Least attainable cities for Gen Z homeownership

Gen Z homeownership is elusive in many Pacific Northwest cities, including Seattle, Washington, at No. 1 and Portland, Oregon, at No. 3. Additionally, five of the bottom 10 cities are in California.

Now that we know where Gen Z homeownership is (and is not) the most attainable, let’s discuss each factor and the best- and worst-performing cities for each metric.A table showing Gen Z homeownership rates

Gen Z homeownership rates

The Gen Z homeownership rate is the number of Gen Z homeowners relative to the number of Gen Z households. Two cities in Northern California have the highest and lowest Gen Z homeownership rates. Stockton has the highest rate, while Oakland (nearby San Francisco) has the lowest, despite being less than 80 miles apart.A table showing data on housing cost-burdened Gen Z renters

Housing cost-burdened Gen Z renters

The Department of Housing and Urban Development (HUD) defines housing cost-burdened as paying more than 30 percent of pre-tax income on housing costs. Most Gen Z renters are housing cost-burdened. Even in the best-performing city—Orlando, Florida—close to 45 percent of Gen Z renters are housing cost-burdened.A table showing data on down-payment-to-income ratio for Gen Z homeowners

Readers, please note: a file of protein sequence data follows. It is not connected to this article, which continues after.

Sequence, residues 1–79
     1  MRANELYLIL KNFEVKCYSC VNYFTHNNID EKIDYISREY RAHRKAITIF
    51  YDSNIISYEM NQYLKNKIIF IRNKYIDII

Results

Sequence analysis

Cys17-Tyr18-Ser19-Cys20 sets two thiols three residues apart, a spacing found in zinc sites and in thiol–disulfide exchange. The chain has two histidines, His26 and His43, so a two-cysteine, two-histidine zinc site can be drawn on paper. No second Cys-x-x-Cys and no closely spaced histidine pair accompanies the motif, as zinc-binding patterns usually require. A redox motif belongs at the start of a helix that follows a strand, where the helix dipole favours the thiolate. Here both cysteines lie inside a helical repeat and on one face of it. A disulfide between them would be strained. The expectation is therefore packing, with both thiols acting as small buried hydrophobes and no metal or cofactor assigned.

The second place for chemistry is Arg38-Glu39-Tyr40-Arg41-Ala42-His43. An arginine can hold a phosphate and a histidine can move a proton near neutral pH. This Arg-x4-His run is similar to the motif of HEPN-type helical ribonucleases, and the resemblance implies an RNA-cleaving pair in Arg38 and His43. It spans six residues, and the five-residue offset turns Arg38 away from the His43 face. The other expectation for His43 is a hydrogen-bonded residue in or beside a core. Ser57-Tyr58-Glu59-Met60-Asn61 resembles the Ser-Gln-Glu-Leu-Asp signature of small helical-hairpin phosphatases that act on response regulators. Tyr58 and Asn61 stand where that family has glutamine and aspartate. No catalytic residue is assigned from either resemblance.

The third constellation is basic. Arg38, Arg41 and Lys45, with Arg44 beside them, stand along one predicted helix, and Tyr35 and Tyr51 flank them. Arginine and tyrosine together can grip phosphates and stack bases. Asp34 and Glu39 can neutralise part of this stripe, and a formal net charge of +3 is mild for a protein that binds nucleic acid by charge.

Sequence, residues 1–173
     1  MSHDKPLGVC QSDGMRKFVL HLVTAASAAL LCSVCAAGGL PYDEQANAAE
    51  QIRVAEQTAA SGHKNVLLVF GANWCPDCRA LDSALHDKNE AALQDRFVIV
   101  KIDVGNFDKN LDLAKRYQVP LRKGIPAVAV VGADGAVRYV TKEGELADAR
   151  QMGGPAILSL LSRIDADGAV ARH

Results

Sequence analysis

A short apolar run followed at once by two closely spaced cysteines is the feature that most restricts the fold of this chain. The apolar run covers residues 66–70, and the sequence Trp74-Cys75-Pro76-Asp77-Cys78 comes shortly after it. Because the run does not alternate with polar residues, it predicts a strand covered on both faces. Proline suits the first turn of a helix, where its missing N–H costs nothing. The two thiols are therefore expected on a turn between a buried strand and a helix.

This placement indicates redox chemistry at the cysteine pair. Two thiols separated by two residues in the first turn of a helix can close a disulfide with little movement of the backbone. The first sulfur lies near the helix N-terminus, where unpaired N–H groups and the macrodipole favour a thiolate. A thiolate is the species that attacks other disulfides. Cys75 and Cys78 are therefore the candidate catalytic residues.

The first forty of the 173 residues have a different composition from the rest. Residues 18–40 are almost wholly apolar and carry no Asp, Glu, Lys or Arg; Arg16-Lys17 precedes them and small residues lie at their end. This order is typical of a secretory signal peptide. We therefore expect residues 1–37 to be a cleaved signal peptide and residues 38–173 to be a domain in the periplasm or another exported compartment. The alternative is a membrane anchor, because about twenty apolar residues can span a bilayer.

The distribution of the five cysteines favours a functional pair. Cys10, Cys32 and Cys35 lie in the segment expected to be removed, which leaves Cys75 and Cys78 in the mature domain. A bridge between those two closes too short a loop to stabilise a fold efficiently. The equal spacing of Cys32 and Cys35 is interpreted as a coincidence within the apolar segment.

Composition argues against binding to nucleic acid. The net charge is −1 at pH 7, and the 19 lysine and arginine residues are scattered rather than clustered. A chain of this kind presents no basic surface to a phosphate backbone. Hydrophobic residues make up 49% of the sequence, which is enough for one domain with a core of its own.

Down-payment-to-income ratio

A higher down payment-to-income ratio indicates homeowners will need to spend more on their down payment relative to their income. In four cities (Seattle, Washington, and three in California), individuals would need to pay more than four times their income to afford a 20% down payment on the median-valued home.A table showing data on the price to rent ratio for potential Gen Z homebuyers in key markets

Price-to-rent ratio

A price-to-rent ratio of 21 or more means a more favorable market for renters. In California’s San Francisco, the price-to-rent ratio exceeds 50. In contrast, the Midwestern cities of Detroit, Michigan, and Cleveland, Ohio, show a more favorable environment for homeowners, with price-to-rent ratios of 6.2 and 8.7, respectively.A young couple sits together amidst cardboard packing boxes preparing to move into a new home


Buying tips for young prospective homeowners

Young prospective homeowners may want to consider several criteria outside our analysis. These may include quality of life factors, the job market, and home value appreciation.

Quality of life factors

Wichita, Kansas is the most attainable place for Gen Z homeownership. But if your favorite activity is surfing, you probably won’t want to purchase a home there.